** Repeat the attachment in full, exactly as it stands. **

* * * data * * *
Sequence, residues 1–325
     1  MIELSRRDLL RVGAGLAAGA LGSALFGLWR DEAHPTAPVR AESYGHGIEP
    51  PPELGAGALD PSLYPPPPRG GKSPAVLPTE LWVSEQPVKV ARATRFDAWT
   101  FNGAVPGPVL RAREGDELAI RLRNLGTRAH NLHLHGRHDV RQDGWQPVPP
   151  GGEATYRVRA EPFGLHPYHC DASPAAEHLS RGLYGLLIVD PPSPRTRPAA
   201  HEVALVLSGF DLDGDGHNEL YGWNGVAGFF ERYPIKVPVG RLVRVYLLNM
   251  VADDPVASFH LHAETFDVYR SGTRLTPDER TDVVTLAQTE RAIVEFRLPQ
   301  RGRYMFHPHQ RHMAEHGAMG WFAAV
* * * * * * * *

Sequence, residues 1–325
     1  MIELSRRDLL RVGAGLAAGA LGSALFGLWR DEAHPTAPVR AESYGHGIEP
    51  PPELGAGALD PSLYPPPPRG GKSPAVLPTE LWVSEQPVKV ARATRFDAWT
   101  FNGAVPGPVL RAREGDELAI RLRNLGTRAH NLHLHGRHDV RQDGWQPVPP
   151  GGEATYRVRA EPFGLHPYHC DASPAAEHLS RGLYGLLIVD PPSPRTRPAA
   201  HEVALVLSGF DLDGDGHNEL YGWNGVAGFF ERYPIKVPVG RLVRVYLLNM
   251  VADDPVASFH LHAETFDVYR SGTRLTPDER TDVVTLAQTE RAIVEFRLPQ
   301  RGRYMFHPHQ RHMAEHGAMG WFAAV